Turbopump failure in first stage engine eyed for the Antares launch failure

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The investigation into the launch failure of the Antares rocket one week ago is now focusing on the turbopump in one of the rocket’s first stage engines.

“The Investigation Board (AIB) is making good progress in determining the primary cause of last week’s failure. A preliminary review of telemetry and video data has been conducted and substantial debris from the Antares rocket and its Cygnus payload has been collected and examined,” noted Orbital on Wednesday. “While the work of the AIB continues, preliminary evidence and analysis conducted to date points to a probable turbopump-related failure in one of the two Aerojet Rocketdyne AJ26 stage one main engines. As a result, the use of these engines for the Antares vehicle likely will be discontinued.”

It was later noted that the AJ-26 could still be used if they were proven to be completely flight-worthy.

If Orbital Sciences decides to completely cease using the Russian engines, it could mean a very significant delay before they can launch again, maybe several years. If they do that, I expect them to face contract penalties from NASA for the failure to deliver cargo to ISS on a reasonable schedule. It will also mean that their chances of winning a second contract will go down significantly.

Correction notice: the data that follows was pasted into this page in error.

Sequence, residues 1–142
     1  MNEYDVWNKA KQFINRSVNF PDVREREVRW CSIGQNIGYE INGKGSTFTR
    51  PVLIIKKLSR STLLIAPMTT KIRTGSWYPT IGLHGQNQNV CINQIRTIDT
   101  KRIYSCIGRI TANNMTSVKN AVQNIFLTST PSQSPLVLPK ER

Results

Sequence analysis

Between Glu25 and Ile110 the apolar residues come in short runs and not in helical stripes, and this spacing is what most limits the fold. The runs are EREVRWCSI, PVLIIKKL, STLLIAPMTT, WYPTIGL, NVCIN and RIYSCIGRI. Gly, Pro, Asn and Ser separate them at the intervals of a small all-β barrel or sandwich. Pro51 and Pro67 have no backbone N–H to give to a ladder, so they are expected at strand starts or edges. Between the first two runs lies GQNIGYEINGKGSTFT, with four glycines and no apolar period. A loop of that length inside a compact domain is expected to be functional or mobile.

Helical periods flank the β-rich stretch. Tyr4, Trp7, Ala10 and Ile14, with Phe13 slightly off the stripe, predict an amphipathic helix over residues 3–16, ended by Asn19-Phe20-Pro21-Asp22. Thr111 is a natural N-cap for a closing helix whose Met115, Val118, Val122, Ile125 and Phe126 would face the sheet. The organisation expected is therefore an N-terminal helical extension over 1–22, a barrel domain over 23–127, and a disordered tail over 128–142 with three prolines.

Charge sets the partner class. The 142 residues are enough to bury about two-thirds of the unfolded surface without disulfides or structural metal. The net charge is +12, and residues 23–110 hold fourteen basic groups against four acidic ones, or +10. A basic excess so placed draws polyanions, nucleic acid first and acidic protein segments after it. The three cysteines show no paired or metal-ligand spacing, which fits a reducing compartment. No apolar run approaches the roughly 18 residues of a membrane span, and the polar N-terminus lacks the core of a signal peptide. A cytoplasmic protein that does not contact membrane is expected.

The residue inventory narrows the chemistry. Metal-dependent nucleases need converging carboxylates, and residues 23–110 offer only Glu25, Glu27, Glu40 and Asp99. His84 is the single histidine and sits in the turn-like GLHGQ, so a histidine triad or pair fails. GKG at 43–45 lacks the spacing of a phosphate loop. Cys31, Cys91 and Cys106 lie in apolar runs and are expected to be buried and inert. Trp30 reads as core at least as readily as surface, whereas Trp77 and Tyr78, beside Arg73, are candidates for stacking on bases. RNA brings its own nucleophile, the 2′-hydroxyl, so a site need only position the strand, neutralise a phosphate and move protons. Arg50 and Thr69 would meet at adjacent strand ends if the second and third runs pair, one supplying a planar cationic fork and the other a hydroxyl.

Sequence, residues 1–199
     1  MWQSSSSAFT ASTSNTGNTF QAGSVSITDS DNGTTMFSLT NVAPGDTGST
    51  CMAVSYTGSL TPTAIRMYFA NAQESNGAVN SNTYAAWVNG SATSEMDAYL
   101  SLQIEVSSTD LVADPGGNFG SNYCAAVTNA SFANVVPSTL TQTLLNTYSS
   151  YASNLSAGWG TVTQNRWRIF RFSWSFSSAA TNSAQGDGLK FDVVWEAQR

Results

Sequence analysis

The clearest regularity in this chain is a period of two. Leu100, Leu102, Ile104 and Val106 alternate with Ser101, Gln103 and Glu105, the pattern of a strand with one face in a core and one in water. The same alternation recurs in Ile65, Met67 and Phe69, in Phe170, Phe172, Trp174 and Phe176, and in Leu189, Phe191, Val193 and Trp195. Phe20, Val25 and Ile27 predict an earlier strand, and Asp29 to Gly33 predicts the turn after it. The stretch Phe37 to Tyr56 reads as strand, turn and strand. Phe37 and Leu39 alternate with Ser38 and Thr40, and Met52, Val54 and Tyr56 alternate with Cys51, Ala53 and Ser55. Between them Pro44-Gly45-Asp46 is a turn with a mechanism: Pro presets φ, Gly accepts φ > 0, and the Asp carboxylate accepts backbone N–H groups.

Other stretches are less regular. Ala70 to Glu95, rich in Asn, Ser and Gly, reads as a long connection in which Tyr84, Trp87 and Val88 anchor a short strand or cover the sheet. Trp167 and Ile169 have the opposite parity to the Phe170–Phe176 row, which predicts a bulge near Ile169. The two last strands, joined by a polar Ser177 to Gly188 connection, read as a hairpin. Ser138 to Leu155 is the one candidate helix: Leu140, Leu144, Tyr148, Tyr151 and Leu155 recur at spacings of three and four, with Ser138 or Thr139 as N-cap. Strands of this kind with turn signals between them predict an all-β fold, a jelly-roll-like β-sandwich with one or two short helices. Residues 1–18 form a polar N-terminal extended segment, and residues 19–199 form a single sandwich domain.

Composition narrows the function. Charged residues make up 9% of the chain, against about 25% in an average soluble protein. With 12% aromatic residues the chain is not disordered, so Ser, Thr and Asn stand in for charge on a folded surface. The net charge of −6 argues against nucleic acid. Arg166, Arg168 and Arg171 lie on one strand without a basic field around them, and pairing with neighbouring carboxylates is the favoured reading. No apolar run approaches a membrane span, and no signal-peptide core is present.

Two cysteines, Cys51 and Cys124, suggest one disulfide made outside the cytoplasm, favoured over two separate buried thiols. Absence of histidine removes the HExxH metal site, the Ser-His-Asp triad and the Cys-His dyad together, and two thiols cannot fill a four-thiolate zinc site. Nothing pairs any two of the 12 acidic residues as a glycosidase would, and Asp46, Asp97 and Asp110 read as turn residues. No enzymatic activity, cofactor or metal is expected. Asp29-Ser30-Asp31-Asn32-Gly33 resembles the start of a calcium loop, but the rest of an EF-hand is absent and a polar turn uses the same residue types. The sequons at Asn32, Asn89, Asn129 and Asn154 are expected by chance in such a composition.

They need to replace the engine, but they also need to keep launching. The article as well as a company press release today describes how they are exploring other launch vehicles, including the Falcon 9, to launch Cygnus, but I see no reason for them to completely abandon the Russian engines immediately. What they need to do is find what failed, fix it in the remaining engines, and keep flying while they scramble hard to replace the engine entirely.



  • Patrick Ritchie

    Looks like orbital already has a plan.

    Buy some flights on another rocket to fulfill their current contract while developing an upgraded Antares, possibly using the RD-193 (which was specifically designed to replace the NK-33). They mentioned 3 possible companies for the remaining CRS flights, 2 american and 1 european although not specifically called out I think that pretty much has to be ULA, SpaceX and ArianeSpace.

    Some details:


  • Andy Hill

    Launching Cygnus on Falcon 9 might be a cheaper option for them but they may be unwilling to use their main competitor’s rocket as a ride. Also may be some questions of proprietry information as SpaceX would have access to Cygnus.

    Not sure it would be a good idea to replace one Russian engine with another one in the current political climate, is there not an indiginous US engine that could be used?

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